So, as with everything in life, difficulties come to test us and give us an opportunity to show what we are made of. Corporate life, unfortunately can dehumanise the process. All too often we turn to managing by the way we are managed. If we are screamed at, we scream at our staff. If we are belittled in the board meeting, we turn to belittling our staff in our team meetings. We try and fit into what seems to be the corporate culture of the day. And here lies the opportunity to go from good to great.

In order to turn this around, you as the manager need to be aware. This awareness needs to be in two areas, an external awareness and an internal awareness.

Firstly, externally, be aware of the stress and pressure that your up-line manager (your boss) is under. Understanding his/her emotions in light of this awareness sheds some light on the situation. Empathy makes a world of difference, and an understanding from your side will shift the dynamic. Next, shift inward, you need to understand your own emotions. How do you feel when pressure is placed on you? Do you feel your blood pressure rising? Do you start raising your voice? Can you see things spiraling out of control as tensions increase. Alternatively, do you perhaps shut down? Take it all and show no reaction, saying it does not affect you, and then take it out on your staff, spouse, and the dog when you get home.

The second area of internal awareness is an understanding of what this time of increased stress is doing to you. How do you feel about going into your meetings? Can you feel your agitation? More importantly, how are you managing the stress that is being placed on you? When we realise that we can’t control others emotions, but more importantly we realise we have control over our own emotions, stress has a way of dissipating. We also can control our activities and focus on beneficial stress reducing activities e.g. exercise, deep breathing techniques, and  meditation. These activities raise our resilience to stressful situations.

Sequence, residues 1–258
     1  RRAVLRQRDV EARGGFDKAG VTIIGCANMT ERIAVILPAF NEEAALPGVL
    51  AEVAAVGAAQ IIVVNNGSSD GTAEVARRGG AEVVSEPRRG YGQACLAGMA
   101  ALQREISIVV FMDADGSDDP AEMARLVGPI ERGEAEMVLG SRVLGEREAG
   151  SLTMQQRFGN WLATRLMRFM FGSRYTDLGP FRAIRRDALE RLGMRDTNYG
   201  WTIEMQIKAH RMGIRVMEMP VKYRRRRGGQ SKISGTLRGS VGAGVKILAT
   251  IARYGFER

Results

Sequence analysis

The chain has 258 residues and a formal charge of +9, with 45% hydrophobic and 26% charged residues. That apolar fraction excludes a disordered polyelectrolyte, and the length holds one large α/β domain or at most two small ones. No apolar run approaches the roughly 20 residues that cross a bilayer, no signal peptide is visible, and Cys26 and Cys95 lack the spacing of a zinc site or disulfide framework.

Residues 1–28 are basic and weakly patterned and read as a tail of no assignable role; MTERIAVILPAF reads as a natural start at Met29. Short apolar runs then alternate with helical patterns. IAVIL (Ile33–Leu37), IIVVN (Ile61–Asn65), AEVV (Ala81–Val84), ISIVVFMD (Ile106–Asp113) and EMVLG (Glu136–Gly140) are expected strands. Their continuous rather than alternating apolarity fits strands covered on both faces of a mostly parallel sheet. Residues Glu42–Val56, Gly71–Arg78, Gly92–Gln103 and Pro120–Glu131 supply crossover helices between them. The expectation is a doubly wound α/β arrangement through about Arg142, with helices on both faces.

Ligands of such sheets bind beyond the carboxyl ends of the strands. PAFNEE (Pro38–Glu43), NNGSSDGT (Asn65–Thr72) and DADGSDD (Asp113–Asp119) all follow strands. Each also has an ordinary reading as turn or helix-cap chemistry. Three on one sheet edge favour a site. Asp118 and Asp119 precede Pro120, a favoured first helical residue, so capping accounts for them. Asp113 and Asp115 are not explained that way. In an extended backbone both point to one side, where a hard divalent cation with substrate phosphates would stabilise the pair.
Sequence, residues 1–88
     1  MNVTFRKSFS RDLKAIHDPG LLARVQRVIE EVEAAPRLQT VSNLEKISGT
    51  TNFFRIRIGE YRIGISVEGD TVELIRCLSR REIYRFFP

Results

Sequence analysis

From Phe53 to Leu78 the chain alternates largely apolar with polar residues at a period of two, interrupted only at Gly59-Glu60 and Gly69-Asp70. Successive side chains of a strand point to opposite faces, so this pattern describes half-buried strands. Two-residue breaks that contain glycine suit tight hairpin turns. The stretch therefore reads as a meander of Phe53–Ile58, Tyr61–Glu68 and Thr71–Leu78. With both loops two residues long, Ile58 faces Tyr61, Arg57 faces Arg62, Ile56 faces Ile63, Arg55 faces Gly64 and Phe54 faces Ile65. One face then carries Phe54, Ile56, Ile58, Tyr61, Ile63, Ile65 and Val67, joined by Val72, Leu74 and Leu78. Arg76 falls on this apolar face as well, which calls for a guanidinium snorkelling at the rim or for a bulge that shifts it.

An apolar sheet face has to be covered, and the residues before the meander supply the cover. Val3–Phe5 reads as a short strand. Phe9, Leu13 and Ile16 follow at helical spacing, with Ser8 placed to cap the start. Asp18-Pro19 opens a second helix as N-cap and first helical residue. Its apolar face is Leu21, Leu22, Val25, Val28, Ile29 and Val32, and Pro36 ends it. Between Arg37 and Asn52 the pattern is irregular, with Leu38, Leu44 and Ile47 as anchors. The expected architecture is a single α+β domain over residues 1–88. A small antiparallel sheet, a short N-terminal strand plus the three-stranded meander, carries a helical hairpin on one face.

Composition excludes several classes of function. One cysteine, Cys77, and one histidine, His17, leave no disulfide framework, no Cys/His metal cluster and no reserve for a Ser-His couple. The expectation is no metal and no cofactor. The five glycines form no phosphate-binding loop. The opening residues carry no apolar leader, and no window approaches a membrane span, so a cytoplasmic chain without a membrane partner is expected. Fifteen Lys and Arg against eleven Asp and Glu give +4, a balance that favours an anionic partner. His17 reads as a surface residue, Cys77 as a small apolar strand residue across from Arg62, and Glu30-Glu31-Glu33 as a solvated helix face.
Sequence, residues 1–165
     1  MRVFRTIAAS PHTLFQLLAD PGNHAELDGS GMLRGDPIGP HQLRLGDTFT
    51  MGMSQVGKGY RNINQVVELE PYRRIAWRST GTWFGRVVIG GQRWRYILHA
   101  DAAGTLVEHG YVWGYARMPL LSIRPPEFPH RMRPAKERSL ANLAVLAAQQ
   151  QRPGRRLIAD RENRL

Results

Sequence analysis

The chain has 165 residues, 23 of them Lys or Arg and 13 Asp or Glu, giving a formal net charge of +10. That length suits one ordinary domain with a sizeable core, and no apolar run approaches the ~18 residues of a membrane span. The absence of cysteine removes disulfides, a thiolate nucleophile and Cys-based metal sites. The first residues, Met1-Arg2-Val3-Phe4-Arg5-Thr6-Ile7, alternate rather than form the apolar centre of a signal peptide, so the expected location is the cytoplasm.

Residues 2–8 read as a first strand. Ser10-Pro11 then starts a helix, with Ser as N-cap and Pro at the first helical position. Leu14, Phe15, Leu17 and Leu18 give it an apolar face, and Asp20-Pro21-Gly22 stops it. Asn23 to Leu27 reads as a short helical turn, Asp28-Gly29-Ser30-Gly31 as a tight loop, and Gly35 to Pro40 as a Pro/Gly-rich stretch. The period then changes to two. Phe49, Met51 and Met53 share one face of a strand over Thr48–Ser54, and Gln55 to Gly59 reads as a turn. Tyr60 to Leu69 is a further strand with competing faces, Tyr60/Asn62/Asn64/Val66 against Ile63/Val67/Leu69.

Lastly, move back to an external focus and give some thought to your staff’s and colleagues emotions. Always work toward the outcome you want to achieve. If you want motivated staff, then you need to keep them motivated and focused. Instead of threats, manage with shared goals and celebrate small achievements. Offer encouragement and explain the pressure in the system and how they can help to alleviate it. Nothing motivates more than seeing the goal and knowing where they are on the road towards it. So find a visual way of depicting this and keep everyone informed. Keep in mind that you need to manage in the way that is effective regardless of how you are managed.

So buck the trend, don’t fall in line and perpetuate the style of the day. If it is not working to motivate you, you can be damn sure it’s not working to motivate your staff either. So take charge of the situation. Create your life.

These internal and external aspects of awareness are the major branches of emotional intelligence. If you would like more information why not book my talk “The Emotional Advantage” for your management team and give your company the competitive edge.